I was fascinated by the statistics that he quoted. He said that 45 per cent of rape cases that came to court resulted in conviction but only 7 per cent of reported rapes resulted in conviction. Surely, we need not to increase the 45 per cent by changing the law, but to

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address the 7 per cent. We need to address the extreme difficulty of getting women to bring rape cases to court.

I have some personal knowledge of this matter. In the course of an academic career, three pupils reported to me the experience of being raped. In only one of those three cases did I persuade the person to go to court. An uncomfortable feeling lingers in the back of my mind that the one I persuaded to go to court was the one to whom I did most harm. The effect of the rape on those three people was very different. It had nothing to do with the severity of the offence and everything to do with their own character. One of them reminded me of nothing so much as a hen shaking her feathers to straighten them after a cock had been at her. One of them has not recovered in 10 years. The one in the middle went to court, and I believe that she had cause to regret it.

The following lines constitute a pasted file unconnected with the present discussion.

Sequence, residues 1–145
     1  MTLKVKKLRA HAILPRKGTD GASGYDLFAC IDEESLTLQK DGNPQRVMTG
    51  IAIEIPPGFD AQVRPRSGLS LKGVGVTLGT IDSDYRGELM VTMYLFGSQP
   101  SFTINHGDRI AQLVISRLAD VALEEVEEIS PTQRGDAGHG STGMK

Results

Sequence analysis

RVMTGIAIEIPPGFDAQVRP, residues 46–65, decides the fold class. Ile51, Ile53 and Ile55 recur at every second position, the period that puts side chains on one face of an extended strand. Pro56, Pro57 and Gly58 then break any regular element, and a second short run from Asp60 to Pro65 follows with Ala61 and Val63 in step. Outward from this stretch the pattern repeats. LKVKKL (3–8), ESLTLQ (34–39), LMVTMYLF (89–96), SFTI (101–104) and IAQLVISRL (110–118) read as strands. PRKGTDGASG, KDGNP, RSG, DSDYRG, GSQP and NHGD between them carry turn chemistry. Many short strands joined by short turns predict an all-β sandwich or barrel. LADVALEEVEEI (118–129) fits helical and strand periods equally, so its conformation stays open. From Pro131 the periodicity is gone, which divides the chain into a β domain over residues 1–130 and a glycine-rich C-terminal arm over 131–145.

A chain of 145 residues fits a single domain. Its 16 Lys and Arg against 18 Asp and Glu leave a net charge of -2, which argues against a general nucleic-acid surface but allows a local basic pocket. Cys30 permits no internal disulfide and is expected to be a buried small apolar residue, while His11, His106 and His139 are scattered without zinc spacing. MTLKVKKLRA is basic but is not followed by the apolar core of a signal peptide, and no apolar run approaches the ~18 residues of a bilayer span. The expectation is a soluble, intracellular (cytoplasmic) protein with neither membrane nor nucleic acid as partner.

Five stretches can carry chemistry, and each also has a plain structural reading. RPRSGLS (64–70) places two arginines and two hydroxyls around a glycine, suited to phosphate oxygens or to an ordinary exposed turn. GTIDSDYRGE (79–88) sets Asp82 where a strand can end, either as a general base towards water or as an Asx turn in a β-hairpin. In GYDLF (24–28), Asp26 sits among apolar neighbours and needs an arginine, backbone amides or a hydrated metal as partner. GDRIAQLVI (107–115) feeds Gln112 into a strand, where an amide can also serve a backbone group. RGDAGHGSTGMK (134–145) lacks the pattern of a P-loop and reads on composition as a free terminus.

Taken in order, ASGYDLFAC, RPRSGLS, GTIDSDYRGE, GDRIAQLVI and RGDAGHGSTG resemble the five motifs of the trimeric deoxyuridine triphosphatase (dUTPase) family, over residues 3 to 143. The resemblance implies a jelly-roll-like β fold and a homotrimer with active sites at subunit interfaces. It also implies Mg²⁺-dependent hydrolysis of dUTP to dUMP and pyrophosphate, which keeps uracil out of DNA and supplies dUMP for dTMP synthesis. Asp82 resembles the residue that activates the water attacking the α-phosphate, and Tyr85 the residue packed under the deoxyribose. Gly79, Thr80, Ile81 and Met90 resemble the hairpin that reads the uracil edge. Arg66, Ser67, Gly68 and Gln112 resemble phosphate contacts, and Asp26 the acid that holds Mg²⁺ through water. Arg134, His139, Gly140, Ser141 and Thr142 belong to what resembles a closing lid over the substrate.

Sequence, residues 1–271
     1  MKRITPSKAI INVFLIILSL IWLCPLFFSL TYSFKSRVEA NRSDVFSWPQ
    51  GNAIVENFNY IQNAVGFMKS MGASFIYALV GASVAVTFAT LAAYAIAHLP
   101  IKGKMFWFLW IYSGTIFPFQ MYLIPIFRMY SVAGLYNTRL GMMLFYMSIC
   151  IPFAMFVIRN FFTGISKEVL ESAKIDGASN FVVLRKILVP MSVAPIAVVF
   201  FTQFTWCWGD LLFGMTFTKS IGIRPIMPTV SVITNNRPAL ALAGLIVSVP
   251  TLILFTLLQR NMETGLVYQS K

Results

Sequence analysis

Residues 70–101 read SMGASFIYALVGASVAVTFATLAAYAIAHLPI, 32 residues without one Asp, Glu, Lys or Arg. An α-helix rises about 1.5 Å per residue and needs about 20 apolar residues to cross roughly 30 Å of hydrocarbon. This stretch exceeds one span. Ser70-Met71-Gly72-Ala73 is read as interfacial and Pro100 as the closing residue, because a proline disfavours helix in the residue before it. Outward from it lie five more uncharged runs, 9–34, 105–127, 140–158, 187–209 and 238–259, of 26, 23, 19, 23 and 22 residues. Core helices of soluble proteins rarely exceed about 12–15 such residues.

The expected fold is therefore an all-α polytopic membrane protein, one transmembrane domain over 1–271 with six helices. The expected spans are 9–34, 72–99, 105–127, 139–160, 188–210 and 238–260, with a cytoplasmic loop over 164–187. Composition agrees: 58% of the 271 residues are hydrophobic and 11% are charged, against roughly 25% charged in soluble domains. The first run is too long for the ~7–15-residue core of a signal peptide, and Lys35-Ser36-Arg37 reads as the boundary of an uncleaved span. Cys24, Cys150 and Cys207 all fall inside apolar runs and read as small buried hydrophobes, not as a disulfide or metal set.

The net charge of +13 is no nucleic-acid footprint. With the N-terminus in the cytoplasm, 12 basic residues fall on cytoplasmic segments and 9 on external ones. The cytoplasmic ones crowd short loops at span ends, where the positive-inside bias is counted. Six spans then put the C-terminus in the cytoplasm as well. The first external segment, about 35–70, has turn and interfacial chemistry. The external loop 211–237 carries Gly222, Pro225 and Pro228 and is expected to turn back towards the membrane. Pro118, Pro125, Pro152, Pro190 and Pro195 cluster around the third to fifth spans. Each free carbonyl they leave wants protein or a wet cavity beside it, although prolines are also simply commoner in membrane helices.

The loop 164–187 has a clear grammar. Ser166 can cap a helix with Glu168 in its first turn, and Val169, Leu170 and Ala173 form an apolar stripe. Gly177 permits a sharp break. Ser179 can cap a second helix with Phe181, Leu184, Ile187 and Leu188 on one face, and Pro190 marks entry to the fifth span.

In these cases, it is usually the detail of the cross-examination that causes the problem. A senior journalist, who was formerly a struggling barrister, told me a story about a time when he was one of a group of people defending in a gang-rape case. He said that he did what he thought was necessary for the case, going through his cross-examination in excruciating and practical detail. The next person, who defended the next one of the gang accused, is now an extremely prominent lawyer-politician. He began his cross-examination with the words, "I am sorry that you have had to go through such an extremely uncomfortable experience, but I am sure you will understand that justice must be done. Before we begin, look carefully at the accused. Are you certain that he is one of those who attacked you?" She looked carefully at him and said, "No".